Clearly, the notion of Donald Trump as the Republican nominee for President, with all that he brings and doesn’t bring to the table, has sent the Republican party into a frenzy of soul-searching. We are truly in uncharted territory here and there is simply not yet an identified pathway. The only thing reasonably certain from my perspective is that the Reagan Revolution, which began with “the speech” in the 1964 Goldwater campaign, is over.
Some have commented that this necessary soul-searching will be broader than the future of the Republican Party, and I don’t disagree that the current disarray is not limited to the conservative movement. Bernie Sanders has produced almost as much frenzy for the left as Trump has for the right, and Hillary Clinton doesn’t have an answer there either.
Where I disagree with the commentary, primarily from the center-right so far, is with David Brooks and his comment that “we’ll probably need a new national story” because “that story isn’t working for people anymore, especially for people who think the system is rigged”. No, the national story is still valid, it’s the failed policies that have been advanced and the failure of our intellectual and political leadership in properly communicating the national story that has failed us.
As I have written before in connection with the birth of the Tea Party, as painful as it is to admit, conservatism has forfeited its reputation as a reform movement that was earned in the Reagan and Gingrich years and must regain its reformist heritage, a branding that was severely damaged by the profligacy of “compassionate conservatism” and led to the disaster of Obama’s “hope and change”. The result has been an undermining of the spirit of American exceptionalism, the basis on which Trump masterfully demagogued his way to the nomination for President.
Regardless of the outcome in November, severe damage has been done and the repair work will be painful.
Bruce Harper says
Jim…I share your concerns.
I believe the odds for an acceptable outcome are less than 50%.
Hopefully, wisdom will lead us through this; and the odds will improve.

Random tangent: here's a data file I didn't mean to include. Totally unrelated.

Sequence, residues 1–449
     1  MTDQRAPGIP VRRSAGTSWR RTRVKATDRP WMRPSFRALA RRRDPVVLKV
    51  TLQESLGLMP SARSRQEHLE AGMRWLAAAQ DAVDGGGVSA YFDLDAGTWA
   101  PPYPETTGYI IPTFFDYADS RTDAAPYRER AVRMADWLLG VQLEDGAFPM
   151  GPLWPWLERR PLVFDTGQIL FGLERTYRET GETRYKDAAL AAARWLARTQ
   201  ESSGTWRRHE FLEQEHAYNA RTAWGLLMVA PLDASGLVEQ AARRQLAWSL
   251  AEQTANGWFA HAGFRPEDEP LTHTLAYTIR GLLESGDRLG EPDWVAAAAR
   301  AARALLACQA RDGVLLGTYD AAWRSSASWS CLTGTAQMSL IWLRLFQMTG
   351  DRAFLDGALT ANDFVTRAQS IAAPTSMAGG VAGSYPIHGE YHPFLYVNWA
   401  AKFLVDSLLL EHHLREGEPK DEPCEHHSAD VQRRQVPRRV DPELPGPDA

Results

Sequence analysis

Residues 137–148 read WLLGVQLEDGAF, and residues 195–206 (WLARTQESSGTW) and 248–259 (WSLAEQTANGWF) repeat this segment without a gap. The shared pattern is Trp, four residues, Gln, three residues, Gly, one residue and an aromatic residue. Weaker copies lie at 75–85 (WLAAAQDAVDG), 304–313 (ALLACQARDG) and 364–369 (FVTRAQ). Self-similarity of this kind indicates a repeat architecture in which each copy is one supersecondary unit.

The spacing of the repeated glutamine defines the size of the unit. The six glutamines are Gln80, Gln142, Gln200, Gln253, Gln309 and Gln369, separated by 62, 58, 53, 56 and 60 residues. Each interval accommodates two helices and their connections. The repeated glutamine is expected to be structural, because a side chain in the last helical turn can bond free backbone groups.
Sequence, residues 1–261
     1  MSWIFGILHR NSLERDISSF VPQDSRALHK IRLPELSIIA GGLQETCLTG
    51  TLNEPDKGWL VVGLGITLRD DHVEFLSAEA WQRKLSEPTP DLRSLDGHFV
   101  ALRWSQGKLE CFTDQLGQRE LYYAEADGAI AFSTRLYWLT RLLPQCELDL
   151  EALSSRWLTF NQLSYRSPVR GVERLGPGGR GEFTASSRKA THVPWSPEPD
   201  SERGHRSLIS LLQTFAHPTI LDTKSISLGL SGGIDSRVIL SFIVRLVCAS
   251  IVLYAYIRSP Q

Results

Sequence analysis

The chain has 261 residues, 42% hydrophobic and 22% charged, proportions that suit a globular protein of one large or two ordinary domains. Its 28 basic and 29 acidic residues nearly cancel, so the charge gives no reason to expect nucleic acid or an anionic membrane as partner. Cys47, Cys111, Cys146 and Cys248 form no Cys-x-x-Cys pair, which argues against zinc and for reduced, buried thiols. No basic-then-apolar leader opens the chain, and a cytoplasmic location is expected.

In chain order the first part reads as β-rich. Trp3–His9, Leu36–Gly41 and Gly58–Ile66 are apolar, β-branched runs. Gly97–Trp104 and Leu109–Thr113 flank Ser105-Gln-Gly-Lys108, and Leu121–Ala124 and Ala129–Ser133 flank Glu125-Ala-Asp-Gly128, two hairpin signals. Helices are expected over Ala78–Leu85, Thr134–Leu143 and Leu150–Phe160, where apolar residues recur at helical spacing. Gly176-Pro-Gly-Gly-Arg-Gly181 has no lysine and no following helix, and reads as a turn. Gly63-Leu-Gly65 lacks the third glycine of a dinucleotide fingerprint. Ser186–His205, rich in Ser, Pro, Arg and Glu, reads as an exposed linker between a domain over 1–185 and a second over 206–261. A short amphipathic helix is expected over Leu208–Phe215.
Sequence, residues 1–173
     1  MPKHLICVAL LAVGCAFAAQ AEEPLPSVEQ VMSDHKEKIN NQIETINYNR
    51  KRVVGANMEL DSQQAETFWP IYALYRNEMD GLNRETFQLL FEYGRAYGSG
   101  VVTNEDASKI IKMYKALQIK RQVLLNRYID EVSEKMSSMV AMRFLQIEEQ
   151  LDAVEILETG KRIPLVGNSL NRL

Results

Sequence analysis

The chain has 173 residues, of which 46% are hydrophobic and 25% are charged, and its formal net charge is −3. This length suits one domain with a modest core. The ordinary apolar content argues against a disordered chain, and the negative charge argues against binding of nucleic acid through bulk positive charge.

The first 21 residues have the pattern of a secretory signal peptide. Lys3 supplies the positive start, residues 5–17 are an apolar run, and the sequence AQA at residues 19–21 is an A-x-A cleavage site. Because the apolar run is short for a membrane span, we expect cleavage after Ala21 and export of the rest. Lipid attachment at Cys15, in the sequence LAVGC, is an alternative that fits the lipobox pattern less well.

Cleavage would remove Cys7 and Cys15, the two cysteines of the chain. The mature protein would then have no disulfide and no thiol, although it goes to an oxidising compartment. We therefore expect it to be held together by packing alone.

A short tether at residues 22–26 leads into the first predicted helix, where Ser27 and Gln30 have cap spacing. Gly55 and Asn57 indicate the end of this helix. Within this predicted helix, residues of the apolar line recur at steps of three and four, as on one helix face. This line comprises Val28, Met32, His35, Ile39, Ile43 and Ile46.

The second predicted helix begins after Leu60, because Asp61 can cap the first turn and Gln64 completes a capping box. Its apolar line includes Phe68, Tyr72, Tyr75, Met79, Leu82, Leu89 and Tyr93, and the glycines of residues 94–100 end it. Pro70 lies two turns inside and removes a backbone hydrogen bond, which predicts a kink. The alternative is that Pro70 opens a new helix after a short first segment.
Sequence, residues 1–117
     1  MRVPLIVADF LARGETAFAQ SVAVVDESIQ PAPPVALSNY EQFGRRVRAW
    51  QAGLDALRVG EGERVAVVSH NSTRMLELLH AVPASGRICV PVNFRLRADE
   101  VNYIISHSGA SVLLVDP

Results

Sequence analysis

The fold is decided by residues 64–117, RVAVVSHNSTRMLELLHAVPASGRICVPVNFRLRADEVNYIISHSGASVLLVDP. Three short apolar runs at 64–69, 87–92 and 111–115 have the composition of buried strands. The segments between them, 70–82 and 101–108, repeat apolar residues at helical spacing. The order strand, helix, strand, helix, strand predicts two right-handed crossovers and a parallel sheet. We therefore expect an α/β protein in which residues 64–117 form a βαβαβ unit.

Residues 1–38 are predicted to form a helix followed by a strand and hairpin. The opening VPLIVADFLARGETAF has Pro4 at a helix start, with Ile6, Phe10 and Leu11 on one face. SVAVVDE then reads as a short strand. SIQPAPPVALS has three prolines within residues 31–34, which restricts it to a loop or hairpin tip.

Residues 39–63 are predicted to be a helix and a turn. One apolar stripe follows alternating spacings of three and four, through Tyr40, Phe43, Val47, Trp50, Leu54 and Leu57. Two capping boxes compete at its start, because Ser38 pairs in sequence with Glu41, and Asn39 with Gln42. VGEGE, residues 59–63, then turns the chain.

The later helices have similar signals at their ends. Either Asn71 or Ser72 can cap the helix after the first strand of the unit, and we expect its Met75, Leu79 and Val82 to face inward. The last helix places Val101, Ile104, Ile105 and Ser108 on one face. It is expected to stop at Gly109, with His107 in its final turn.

Vern Wuensche says
In general I agree with your perspective and although the Reagan Revolution may be over I offer something hopeful. Of the one thing I am certain is that those who have strong conservative beliefs still have them. An optimistic outcome would be for
Trump to win shake up the system to accommodate reform measures with conservatives through Congress seeing that they them are implemented.
Chris deMilliano says
Trump is driven by ego. I think there is little Kennedyian “what (Trump) can do for your country”; but perhaps his pompousness will lead him to want to be better than the rest and turn out to be a decent leader.
This, of course, can only happen once the indictment’s fall on Bill’s wife. And speaking of Bill. You know he is out enjoying campaign season. I can only imagine how he is “poleing” the electorate.
Bob Hux says
I think the biggest thing to come out of this election so far is the failure of the critics in congress to realize that it is they who have created this mess. Give us a republican house/senate and watch us straighten things out!! They accomplished nothing except to cry for “give us the presidency” and see what we can do! And for those who say the republican party as they see it is dead plus they are not going to vote sounds like democrats talking to me. It is time for the public to push term limits at all levels of government and the tax reform has been laid out before for many years in the fair tax system. Obviously Republicans are tired of the same ol’ same ol’ — Although Trump was not “my guy” he can’t do any worse than those before him (at least back to Reagan).